I learned the Ho Family Flowing Water Staff from my sifu, Sifu Ho Fatt Nam. Before this time, the staff set was taught only in the Ho Family. I was one of the very few privileged outside the Ho Family to learn this secret set.
The Shaolin Plum Flower Single Knife Set and the Shaolin Traveling Dragon Sword Set were composed by me based on some classics on the single knife and the sword.
A sisook taught me a set of double knives, but I liked a single knife set and a sword set. So I read up whatever books I could get on these weapons. I based my single knife set on two classics, namely Shaolin Plum Flower Single Knife and Praying Mantis Plum Flower Single Knife.
I based the composition of my sword set on three classics, namely Shaolin Bodhidharma Sword, Shaolin Traveling Dragon Sword, and Wudang Sword. I loved the sword set very much, and spent a lot of time practicing it.
I learned two spear sets, Cross-Road Throat-Locking Spear from Uncle Righteousness, and Thirteen-Technique Spear from my sisook who was nicknamed Marvelous Pooi. I combined these two spear sets into one, calling it Traveling Dragon Thirteen Technique Spear.
Marvelous Pooi was a kungfu lover, and he had a number of famous as well as rare sets. He also taught me the soft whip and the copper legume hammer. He lived in the village of Ayer Itam in Penang. Although Penang was my home town, I was then teaching as a school teacher in another town, Alor Star. Every Friday night I would travel back to Penang to learn the weapon sets from my sisook.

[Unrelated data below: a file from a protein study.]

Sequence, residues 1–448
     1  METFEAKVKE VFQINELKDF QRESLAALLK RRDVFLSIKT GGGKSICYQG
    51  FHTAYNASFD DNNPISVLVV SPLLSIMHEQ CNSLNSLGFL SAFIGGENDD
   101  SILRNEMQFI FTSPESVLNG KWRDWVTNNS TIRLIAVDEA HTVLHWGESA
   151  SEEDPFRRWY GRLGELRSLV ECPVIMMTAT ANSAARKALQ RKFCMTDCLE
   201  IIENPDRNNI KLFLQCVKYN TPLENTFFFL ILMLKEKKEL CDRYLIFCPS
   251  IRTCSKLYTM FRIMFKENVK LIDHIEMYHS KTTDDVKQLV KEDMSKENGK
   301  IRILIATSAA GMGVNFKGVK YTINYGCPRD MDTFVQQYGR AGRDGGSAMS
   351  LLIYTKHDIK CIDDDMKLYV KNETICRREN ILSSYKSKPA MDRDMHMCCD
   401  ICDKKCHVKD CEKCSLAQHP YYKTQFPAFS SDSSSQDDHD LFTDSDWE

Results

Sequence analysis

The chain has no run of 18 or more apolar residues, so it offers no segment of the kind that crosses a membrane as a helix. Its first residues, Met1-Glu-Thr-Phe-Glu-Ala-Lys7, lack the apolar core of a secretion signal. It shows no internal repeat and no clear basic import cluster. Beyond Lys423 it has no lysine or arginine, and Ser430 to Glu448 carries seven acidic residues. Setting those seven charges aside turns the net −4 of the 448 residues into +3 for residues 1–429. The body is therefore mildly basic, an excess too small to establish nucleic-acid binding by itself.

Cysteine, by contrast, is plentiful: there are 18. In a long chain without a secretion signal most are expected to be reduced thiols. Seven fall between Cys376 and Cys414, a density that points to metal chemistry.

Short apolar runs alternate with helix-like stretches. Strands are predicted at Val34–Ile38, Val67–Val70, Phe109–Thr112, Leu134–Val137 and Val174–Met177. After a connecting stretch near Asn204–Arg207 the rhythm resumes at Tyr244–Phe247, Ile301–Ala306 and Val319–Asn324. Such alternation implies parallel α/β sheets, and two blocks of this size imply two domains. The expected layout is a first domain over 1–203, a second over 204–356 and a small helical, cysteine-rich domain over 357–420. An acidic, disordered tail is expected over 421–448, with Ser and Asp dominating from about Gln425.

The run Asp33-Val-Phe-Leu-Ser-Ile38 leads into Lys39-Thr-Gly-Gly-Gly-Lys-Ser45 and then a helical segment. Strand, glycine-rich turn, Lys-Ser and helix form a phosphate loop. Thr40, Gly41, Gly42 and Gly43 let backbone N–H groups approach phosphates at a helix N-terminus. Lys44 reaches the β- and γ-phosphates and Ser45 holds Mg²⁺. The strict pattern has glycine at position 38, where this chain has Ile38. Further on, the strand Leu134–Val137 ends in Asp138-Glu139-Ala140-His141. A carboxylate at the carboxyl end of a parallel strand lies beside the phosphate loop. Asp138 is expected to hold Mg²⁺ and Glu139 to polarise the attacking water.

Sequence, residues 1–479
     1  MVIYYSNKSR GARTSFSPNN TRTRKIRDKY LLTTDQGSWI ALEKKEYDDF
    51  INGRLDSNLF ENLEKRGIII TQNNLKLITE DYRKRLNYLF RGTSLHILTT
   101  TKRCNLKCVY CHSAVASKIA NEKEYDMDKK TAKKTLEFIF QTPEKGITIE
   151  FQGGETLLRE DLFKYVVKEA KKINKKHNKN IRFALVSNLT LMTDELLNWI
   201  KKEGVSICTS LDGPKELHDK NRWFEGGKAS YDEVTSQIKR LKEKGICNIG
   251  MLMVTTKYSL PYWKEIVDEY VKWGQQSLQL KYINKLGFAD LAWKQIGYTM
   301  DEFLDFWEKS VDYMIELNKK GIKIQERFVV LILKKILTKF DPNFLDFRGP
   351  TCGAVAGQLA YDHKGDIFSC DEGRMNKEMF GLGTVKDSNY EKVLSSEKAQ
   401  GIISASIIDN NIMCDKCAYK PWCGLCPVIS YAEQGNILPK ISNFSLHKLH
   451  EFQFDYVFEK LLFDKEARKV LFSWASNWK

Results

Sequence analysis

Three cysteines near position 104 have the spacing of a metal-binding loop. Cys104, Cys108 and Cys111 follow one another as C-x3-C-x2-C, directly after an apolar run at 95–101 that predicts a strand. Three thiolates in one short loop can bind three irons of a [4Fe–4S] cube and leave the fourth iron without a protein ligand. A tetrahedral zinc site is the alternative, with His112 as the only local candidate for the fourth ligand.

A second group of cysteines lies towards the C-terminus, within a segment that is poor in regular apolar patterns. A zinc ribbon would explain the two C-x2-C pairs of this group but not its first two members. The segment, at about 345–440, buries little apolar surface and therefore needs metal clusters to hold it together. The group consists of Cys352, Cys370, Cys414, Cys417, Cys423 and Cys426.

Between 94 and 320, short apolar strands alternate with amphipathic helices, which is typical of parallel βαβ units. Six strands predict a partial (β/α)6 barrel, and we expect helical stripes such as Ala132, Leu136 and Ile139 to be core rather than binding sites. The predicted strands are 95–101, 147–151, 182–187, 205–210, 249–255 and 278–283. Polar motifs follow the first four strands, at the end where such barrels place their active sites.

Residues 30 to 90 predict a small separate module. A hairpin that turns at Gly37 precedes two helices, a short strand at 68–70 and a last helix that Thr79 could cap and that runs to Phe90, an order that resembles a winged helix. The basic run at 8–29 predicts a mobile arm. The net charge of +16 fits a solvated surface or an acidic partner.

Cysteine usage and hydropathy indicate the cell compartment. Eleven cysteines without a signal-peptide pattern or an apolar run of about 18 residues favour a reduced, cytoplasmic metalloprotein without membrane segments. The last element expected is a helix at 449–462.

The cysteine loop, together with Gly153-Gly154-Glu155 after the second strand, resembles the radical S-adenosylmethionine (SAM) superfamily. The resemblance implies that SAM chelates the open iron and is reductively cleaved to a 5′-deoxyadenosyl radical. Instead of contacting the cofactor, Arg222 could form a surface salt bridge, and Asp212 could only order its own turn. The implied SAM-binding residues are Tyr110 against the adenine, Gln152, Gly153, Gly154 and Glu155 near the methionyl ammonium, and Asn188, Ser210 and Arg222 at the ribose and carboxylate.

I learned the Green Dragon Crescent Moon Knife from a siheng in Uncle Righteousness' lineage. But he did not learn this set from Uncle Righteousness, he learned it from a Hoong Ka Kungfu master. Uncle Righteousness had a different Big Knife set, called Bar-Gate Big Knife.
I read about this famous Green Dragon Crescent Moon Knife Set in some kungfu magazines in Chinese, and was fascinated by it. I remembered watching an impressive public demonstration of this set by my siheng, so I entreated him to teach me and he kindly did.
I was pleasantly surprised because it was the custom to teach such a prestigious set only to one's selected disciples. A main reason, I believe, why my siheng broke tradition and taught me this famous set was because he knew I was not only a good student but also a favorite disciple of Uncle Righteousness whom he greatly respected.
At that time Uncle Righteousness had left this world for heaven, and I had learnt from two other masters, Sifu Ho Fatt Nam and Sifu Chee Kim Thong. To learn the Green Dragon Crescent Moon Knife Set my siheng and I returned to the training hall at Soon Tuck Wooi Koon in Penang where 20 years ago both of us learned from Uncle Righteousness.
In Uncle Righteousness' lineage, there was an outstanding sparring set involving a Big Trident and a Cane Shield with a Southern Knife. I did not learn this sparring set but had seen it being practiced, and therefore was quite familiar with the techniques of the weapons involved. I selected techniques of the Big Trident from this sparring set as well as from other sources and composed the Taming Tiger Big Trident Set.